WASHINGTONÂ - U.S. prosecutors have sent letters to six Blackwater Worldwide security guards, possibly as a prelude to indictments for a shooting incident that killed 17 Iraqi civilians in September, The Washington Post reported in its Sunday editions.
The newspaper, citing three sources close to the case, said prosecutors still are considering evidence after a 10-month FBI investigation of the shooting, which broke out as Blackwater guards escorted a U.S. State Department convoy through Baghdad.
The sources said any charges against Blackwater employees probably would come under the Military Extraterritorial Jurisdiction Act, which the Post said has previously been used to prosecute only cases referred to the Justice Department by the Defense Department for crimes committed by military personnel and contractors overseas.
Some legal experts question whether State Department contractors can be prosecuted under the act.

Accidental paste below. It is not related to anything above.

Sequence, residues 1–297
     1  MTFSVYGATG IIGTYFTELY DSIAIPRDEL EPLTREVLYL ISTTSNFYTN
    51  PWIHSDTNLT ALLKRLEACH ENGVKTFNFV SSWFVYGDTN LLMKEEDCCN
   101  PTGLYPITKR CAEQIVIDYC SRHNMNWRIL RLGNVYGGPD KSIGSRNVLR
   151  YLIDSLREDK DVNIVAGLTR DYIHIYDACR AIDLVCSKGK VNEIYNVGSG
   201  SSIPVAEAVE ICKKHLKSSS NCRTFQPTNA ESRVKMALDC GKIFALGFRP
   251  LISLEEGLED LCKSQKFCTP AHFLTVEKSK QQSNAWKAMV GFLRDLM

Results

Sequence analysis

The guards from the North Carolina-based private security firm said they acted lawfully and fired in self-defense but an Iraqi government investigation said there was no provocation.
The Post said the "target letters" sent to the Blackwater employees offer them a chance to contest evidence and present their own version of the incident. Such letters often are a step taken before indictments are issued.
The Post sources, who requested anonymity because of the sensitive nature of the case, said a final decision on indictments might not be made until October.
The September shooting enraged the Iraqi government, which wanted to put contractors under Iraqi legal jurisdiction. Iraqis also were upset in April when the State Department renewed Blackwater's contract to protect U.S. personnel in Baghdad.
The incident also set off debate in Washington on the use of private contractors in war zones.
Writing by Bill Trott; Editing by Eric Beech
© 2008 Reuters